Sabbath Schooling

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Several homeschoolers I know homeschool for six weeks and then they rest on the seventh week. They call it Sabbath Schooling. I like it. I sort of do it, but I don’t rigidly stop teaching on the seventh week. Sometimes it is on the ninth week, based on what we have going on. For instance, if we are learning a new math concept and have momentum under our wings, I will not stop just because the seventh week started.

I like to take a break when I feel exhaustion coming or when the kids are burned out or when we have a family outing. Our version of Sabbath Schooling happens on a weekly basis. We homeschool six days a week and rest on the seventh.  Continue reading »

I don’t know why we should only school for five days a week. “Six days shalt thou labor…” says the commandment, right? Even God worked for six days and then rested on the seventh.

Even Jessie Wise, the mother of Susan Wise Bauer, says in The Well-Trained Mind that if she could do everything all over again, she would school for six weeks and then take a break.

On Friday, we still hit the books (although only for essentials like reading and math) and practice piano and violin, but we also clean the house and the yard, fold laundry and cook an extra meal for the weekend. We count it as home economics. The kids learn skills that will help them in their home life.

Some weeks, I do take a day or two off if I sense that we are all approaching the point of no return, a.k.a. burnout. We do not want to go there. We stay away from it. By the way, compassion fatigue is a real medical condition and it happens to care-takers. Homeschooling moms are not just teachers, they are also care-takers. 24/7. Unless you have a break for yourself, you will experience compassion fatigue and it can lead to some ugly behavior. Take a break! Take a Sabbatical.


3 Tips to Avoid Homeschool Burnout

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The über-famous picture of Earth taken by the last lunar crew, Apollo 17, back in December 1972, has inspired generations over the past four decades. What’s the connection between the blue marble and homeschooling? Just look at that beauty hanging in space. When you get overwhelmed with homeschooling and your world, you should take a look at the world. It puts things in perspective, doesn’t it?

The Earth seen from Apollo 17 - December 1972

The Earth seen from Apollo 17

As astutely noticed by David Thornburg, when they took this picture, the Apollo astronauts were going to the Moon. They looked forward to it. Literally. They also had the sense to turn around and look at what they left behind. And they snapped this picture.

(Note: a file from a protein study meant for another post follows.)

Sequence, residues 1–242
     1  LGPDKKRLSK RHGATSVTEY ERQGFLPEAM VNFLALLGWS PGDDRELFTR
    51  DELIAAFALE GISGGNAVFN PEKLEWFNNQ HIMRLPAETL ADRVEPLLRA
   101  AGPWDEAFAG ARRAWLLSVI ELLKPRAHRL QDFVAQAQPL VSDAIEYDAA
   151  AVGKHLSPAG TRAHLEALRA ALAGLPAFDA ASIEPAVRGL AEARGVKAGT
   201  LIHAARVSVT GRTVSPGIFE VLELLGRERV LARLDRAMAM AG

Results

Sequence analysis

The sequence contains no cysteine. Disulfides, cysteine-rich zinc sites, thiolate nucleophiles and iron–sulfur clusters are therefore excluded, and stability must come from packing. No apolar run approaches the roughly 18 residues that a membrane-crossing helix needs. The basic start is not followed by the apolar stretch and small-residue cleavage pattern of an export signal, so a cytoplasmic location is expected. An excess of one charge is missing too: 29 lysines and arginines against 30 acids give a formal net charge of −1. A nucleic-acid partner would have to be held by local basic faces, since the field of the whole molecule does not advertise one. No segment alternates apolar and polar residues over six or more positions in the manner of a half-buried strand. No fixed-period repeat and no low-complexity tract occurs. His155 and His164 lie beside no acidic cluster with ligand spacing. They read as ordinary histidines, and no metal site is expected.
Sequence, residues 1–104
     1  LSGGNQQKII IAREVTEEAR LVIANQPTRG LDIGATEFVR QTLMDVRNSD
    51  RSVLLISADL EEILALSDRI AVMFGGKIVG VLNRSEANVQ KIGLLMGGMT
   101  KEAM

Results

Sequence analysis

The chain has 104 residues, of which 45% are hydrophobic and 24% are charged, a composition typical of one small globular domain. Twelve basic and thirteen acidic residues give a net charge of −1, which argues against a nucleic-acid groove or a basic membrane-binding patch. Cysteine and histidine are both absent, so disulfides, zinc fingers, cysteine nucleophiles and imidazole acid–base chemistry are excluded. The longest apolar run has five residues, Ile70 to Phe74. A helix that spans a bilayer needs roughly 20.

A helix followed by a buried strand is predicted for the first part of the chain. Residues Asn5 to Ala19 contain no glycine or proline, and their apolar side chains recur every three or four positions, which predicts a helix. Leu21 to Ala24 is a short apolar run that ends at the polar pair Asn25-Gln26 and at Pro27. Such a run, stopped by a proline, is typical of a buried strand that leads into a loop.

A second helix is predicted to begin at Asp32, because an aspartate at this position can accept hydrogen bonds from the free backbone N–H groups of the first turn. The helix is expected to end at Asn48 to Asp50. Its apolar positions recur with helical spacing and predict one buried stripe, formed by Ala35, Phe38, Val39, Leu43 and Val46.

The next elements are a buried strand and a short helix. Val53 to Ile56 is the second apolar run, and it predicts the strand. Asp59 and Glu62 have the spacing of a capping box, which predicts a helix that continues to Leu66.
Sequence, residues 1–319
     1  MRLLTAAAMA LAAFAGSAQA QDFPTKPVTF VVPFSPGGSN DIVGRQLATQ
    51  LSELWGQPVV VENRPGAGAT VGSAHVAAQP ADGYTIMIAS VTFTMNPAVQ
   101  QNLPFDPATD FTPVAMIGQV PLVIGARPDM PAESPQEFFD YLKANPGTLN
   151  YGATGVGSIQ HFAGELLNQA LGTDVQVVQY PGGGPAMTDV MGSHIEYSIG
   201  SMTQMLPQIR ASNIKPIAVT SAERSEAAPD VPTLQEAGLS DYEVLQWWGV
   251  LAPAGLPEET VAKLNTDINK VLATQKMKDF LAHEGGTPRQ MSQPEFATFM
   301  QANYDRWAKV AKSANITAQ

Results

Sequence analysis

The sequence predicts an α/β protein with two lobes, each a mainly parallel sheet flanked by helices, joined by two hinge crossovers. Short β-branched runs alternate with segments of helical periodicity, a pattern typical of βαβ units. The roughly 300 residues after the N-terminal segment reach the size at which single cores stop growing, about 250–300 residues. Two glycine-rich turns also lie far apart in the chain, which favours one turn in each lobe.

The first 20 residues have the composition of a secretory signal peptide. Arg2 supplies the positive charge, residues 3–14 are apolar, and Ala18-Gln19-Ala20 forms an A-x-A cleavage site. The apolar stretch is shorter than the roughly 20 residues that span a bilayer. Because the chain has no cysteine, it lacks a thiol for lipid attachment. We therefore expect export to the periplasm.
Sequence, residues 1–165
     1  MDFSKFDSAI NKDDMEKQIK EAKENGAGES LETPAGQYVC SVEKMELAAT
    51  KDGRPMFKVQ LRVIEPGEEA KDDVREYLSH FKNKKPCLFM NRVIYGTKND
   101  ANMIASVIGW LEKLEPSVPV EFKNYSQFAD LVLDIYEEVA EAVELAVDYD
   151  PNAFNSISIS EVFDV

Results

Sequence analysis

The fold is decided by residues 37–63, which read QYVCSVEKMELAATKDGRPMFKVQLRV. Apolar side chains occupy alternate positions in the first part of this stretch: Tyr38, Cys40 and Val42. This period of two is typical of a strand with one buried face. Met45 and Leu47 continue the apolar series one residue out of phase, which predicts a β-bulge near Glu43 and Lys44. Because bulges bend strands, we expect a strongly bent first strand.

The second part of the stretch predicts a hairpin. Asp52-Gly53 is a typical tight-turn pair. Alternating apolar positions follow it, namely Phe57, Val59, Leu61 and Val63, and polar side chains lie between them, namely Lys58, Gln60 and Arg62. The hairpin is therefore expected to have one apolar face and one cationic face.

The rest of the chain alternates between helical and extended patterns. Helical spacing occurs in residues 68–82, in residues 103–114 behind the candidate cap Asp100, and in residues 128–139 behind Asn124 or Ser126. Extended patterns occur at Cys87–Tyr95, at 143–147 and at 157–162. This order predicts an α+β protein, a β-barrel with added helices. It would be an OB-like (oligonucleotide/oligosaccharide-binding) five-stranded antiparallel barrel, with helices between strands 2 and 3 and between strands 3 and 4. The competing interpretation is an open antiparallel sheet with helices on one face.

As you push forward in your homeschooling efforts, it might help to look back now and then, especially if you feel the brink of burnout drawing closer. Here are 3 things you should do when you feel homeschooling burnout creeping in:

1. Stop teaching altogether. Allow yourself a few days. Call them “in-service.” Take your children to their outside-the-home educational activities, but do not teach in the home. Read up on favorite topics. Window shop. Take walks. Your children benefit from free play. You can always catch up on planned lessons.

2. Change perspectives. Have you been on the road a lot lately? Stay home. Have you been cooped up? Take a field trip. Have you spent too much time cleaning and sprucing up the house in addition to homeschooling? Stop cleaning. Has the house seen better days? Clean it up.

3. Look back at the moment when you first thought of homeschooling. It might make you cringe, but it might also inspire you. That first hint of interest in teaching your own children, that first conversation with God about your inadequacies and fears, that first trip to a used curriculum fair and the confirmation that – wonder of wonders! – homeschoolers do not have three eyes…

You know your experience better than anybody else. Think about it and see where that meditation takes you. Hopefully it will be a place of warm, fuzzy feelings and a renewed resolve to guide your children’s education. Homeschooling is an adventure and a journey. Let’s see the forest while looking at the trees.